My Phone Isn’t Paper

Back in high school, I had teachers who didn’t believe that my vision was as bad as I said it was. They believed that I was like the rest of my friends- texting, reading, and driving around. These teachers would often ask me, my friends, my parents, and even my case manager why I could be texting (or doing some other task) but not able to see what was on the board or on my non-enlarged classwork. And honestly, it was very frustrating to explain time and time again.

I have many accessibility settings enabled on my phone and also use third party apps in order for me to see my phone clearly. The font size on my phone is the same as the font size I receive for print materials, and I have a high contrast filter applied. As a result, I am able to text my friends easily and use my phone as much as anyone else.

I also use an eReader to read books,enlarging the font size to the largest one available. I have a print disability, meaning I cannot read small text, which is why I had an IEP in school with accommodations that included large print. Comparing my ability to read accessible materials and my ability to read inaccessible materials is unfair.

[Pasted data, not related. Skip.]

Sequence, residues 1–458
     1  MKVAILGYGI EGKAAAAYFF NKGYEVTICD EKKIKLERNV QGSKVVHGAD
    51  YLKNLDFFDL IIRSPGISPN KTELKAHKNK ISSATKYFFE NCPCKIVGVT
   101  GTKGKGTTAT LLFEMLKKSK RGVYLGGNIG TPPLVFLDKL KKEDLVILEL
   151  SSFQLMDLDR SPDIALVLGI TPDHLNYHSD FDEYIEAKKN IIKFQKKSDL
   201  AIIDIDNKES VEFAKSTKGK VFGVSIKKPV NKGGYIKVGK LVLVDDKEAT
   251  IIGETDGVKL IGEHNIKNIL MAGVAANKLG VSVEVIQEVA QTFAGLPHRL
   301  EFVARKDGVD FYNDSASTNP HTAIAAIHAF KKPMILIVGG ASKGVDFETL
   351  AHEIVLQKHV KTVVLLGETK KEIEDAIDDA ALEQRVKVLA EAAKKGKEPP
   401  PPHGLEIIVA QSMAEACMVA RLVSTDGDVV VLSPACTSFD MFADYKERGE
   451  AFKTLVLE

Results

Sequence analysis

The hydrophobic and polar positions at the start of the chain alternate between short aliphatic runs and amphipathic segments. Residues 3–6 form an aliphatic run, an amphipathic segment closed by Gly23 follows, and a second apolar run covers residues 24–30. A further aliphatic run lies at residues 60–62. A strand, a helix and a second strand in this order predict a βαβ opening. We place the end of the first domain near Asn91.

As I’ve gotten older, more and more teachers have asked me if I drive or have a learner’s permit. Since I could barely see the board even with visual correction, I was always confused when teachers were surprised that I don’t drive. One teacher went as far to ask my friend sitting next to me if I was able to drive, trying to see if they could trick my friend into telling what they believed was the truth. Of course, my friends often laughed at the idea of me behind the wheel, saying I would have six casualties before I even pulled out of the driveway.

The most frustrating comments of all were when I was asked why I couldn’t see perfectly, even with glasses. Just like crutches don’t make someone walk perfectly, glasses don’t make someone see perfectly, it only gives them the maximum correction. That may not mean perfect eyesight, and they might need some accommodations to ensure they are able to see things. Never doubt that someone could have low vision just because they are wearing glasses, and don’t compare their sight loss with correction to someone’s sight loss without correction. Also, if someone has an IEP, chances are they need the services they are provided, and it is a bad idea to argue that they don’t, especially when it comes to low vision. Assistive technology has come a long way, allowing people with disabilities to seamlessly integrate with their friends, and I will always be grateful for the technological advancements that have helped me succeed.